Not to Joey. Some of the things he had seen and dealt with would cause a comic book artist to faint. This was real. And he knew exactly what was inside.

None of them had noticed him. The ten little folk, no taller than two feet each, danced and clapped and played their music. Amongst the ornately carven interior, the leprechauns carried on without a care in the world. However long this fete had been going on was anyone’s guess, but Joey had a feeling they never kept track. While legends dictated that he would get three wishes by catching one, he knew that to be nothing but a mummer’s tale. Something else was going on here, and he knew exactly what.

Whipping around, he raised his rifle and prepared to fire. Silent and lithe, the giant snake reared back, ready to strike. Had he waited even one second longer, those massive fangs would be sunken to the gums in Joey already.

“Don’t even think about it,” he whispered. “Don’t make another move.” Animals rarely understood when he talked to them, but it comforted him to do so. Pointing a long gun at them usually got the point across, but a well-timed bullet also helped.

Slowly, the snake sunk closer to the ground. Its forked tongue flickered, eyes locked on Joey’s. Trailing off into the distance, the only possible way to measure its length would be to kill it, but the head had to be the size of a moped. At its widest, the tube-like body rivaled that of Joey’s wide, muscular frame, but could easily swallow him whole.

He held firm, feet not moving. If the pale green reptile speared into him, it would take quite a bit of force to knock him over. One bullet from his gun, however, would make a quick end of his stand-off foe.

“Ye didnae fall fer it!”

The voice resembled every stereotypical leprechaun voice he had ever heard on television or a movie. Those sprang from truth, Joey reflected, so it made sense. He never took his sights off the massive beast or lower his weapon, but the wee-folk had his attention.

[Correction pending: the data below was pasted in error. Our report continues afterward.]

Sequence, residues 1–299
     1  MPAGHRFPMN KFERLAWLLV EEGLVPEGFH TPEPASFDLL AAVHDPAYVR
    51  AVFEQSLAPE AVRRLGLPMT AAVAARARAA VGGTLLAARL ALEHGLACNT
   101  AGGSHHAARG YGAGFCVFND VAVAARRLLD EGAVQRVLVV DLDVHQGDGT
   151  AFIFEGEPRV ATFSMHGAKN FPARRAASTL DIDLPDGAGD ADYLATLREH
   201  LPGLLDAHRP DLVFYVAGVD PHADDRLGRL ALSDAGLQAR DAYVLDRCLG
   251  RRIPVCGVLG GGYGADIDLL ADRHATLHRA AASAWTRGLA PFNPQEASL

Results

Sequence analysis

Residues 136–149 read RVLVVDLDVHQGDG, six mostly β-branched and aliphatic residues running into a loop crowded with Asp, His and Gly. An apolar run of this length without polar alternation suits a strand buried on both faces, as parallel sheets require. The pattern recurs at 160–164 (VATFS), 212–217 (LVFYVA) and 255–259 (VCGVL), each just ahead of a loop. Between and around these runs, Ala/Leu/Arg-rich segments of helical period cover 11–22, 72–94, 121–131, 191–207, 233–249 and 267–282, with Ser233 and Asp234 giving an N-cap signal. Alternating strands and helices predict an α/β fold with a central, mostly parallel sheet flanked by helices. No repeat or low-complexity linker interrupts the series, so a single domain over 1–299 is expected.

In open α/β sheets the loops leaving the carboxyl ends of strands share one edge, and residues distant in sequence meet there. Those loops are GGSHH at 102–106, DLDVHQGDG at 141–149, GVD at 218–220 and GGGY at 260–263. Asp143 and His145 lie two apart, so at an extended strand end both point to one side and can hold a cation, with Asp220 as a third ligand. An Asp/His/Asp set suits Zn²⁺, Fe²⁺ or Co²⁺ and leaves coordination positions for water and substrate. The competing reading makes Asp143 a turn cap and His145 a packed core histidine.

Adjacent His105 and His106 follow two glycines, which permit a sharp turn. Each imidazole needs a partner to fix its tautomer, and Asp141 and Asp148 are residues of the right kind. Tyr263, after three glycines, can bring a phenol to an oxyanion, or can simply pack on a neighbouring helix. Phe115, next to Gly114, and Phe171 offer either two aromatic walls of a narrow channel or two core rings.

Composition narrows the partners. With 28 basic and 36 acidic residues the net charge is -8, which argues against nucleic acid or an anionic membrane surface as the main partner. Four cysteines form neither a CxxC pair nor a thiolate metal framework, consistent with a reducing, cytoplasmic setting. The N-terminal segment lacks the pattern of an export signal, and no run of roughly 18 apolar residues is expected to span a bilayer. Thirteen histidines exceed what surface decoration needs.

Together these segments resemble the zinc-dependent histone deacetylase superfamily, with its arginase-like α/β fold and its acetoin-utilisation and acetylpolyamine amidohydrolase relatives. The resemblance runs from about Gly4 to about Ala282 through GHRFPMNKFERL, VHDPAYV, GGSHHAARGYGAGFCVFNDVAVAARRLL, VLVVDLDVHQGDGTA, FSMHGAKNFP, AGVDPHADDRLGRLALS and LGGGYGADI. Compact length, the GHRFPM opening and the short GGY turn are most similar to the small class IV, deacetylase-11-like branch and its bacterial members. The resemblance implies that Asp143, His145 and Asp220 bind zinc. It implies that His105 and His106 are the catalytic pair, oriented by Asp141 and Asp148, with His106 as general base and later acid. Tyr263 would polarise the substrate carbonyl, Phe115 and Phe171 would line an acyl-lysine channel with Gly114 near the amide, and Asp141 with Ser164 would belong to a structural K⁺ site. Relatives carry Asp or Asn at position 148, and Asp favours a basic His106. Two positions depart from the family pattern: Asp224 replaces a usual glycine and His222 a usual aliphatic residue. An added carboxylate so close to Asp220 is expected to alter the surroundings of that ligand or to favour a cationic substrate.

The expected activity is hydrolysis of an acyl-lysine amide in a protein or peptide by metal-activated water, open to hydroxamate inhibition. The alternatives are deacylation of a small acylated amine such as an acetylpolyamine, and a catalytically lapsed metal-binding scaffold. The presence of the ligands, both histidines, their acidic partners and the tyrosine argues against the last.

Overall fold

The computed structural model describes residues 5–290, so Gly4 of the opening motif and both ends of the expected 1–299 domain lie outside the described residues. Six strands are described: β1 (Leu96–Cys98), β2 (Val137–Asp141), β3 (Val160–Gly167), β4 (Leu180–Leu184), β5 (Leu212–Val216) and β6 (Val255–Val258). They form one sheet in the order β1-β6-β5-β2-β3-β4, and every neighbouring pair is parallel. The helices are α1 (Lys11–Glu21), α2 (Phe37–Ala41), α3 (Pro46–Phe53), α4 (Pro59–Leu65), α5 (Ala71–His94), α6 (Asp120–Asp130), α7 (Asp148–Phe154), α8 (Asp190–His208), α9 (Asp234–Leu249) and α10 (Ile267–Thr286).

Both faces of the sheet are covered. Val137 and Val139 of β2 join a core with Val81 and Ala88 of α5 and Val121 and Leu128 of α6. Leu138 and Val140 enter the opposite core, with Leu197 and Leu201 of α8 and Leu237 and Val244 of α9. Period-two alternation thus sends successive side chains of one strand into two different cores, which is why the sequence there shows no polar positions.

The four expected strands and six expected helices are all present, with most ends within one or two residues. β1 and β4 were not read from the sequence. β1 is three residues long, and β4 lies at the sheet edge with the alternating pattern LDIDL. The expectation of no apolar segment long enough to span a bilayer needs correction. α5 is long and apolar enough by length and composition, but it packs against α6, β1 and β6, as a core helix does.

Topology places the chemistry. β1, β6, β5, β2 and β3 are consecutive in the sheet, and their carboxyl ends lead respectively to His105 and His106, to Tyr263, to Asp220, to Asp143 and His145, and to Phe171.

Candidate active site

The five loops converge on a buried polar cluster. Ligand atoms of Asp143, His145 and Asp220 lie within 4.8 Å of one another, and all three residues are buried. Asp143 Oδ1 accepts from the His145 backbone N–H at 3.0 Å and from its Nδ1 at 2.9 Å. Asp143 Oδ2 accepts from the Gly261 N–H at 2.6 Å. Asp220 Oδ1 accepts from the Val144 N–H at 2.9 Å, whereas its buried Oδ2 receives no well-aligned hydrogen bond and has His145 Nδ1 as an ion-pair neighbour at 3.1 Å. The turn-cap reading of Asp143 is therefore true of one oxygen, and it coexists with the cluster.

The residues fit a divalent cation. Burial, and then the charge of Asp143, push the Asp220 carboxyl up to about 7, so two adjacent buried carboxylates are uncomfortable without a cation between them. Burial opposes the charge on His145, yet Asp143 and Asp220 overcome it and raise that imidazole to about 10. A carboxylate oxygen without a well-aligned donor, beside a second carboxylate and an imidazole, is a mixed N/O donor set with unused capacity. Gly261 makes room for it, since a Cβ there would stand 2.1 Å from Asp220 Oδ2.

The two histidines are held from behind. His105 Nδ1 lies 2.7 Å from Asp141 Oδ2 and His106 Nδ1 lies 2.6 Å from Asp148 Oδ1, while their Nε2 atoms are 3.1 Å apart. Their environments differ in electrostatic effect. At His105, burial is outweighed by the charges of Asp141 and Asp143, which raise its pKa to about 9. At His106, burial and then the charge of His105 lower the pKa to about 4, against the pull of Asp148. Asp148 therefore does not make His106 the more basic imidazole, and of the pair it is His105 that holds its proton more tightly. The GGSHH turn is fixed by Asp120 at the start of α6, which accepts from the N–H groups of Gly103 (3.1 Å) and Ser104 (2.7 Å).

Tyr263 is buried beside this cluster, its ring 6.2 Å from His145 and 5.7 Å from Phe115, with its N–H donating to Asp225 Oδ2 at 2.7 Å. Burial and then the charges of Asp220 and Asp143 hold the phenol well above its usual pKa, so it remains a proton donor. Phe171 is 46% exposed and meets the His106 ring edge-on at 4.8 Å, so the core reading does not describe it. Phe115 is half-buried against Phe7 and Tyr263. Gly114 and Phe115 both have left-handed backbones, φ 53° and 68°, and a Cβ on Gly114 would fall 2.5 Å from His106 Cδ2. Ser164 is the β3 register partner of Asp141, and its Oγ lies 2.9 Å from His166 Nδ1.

“You were a distraction.”

“True. And our friend brings us the baddest of the bad.”

“I’m not bad.”

The snake moved backwards, less than a foot. Joey’s finger grazed the trigger, but didn’t squeeze too tight.

“Yeh’re all bad. Yeh jes’ don’na know it.”

The snake’s head lifted from the ground. Joey’s heart jolted. Before he could even blink, the beast reared fully back, immediately shooting towards him.

His ears rang with the gunshot. Before the snake even had a chance to open its wide, fang-filled mouth, Joey had pulled the trigger. The large green head exploded, blood spattering the surrounding trees.

He spun at the waist, right arm shooting forth. His fingers wrapped around the leprechaun’s jacket as the little man gasped. Joey lowered his gun as he pulled the wee-folk up to his eye line.

“I want a wish,” Joey growled.

“Yeh get three.” The leprechaun clawed at Joey’s hand and wrist, but may as well have been punching a brick wall.

Joey smiled. “I only need one. Get me a monster worth going after. Something that won’t go down without a fight.”

The leprechaun’s eyes threatened to bulge from its head.

“Yeh don’na want that! I’ve seen it, believe me, it’s ugly.” He rolled his eyes back to the tree. “Wanna come in an’ have a pint or two? Special brew, just for us wee folk.”

Joey pulled him closer so that their noses practically touched. “I like ugly. I want terror. I want evil. I want to feel like I need to run for the first time in my life.”

The leprechaun looked off to the side for a moment. A wide grin appeared as his eyes returned to Joey’s.

“How about a dearg due?”

Joey scoffed. “Stake through the heart.”

“Dullahan?”

“Give it gold.”

“Balore?”

He hefted up his rifle. “Shoot it in the eye.”

Beads of sweat dripped out from underneath the leprechaun’s bowler hat. He tugged at his collar, taking a deep breath.

“What about…Caorthannach?”

Joey dropped the little faerie. His mouth fell open, corners curling up. Slowly, he nodded.

“There’s no water around here. I won’t know what to do.”

“Wish granted, then.”

Joey looked down at the little man. “When and where?”

A sideways pillar of flame erupted scant feet to the left of Joey. He spun around, the darkness giving him no obfuscation as to what approached: a massive skull, enwrapped in fire.

He gripped his Winchester close to his body. That wouldn’t help, but it gave him comfort. The only thing he could do at this point was run.

Another burst of flame came close to him. The heat singed a few hairs on his arm. With a final look and nod at the leprechaun, Joey turned back towards the way he entered the forest and started to run.

He would have loved to take up the leprechaun on his offer of beer, but this was far better. Finally, a reason to run.

 

THE END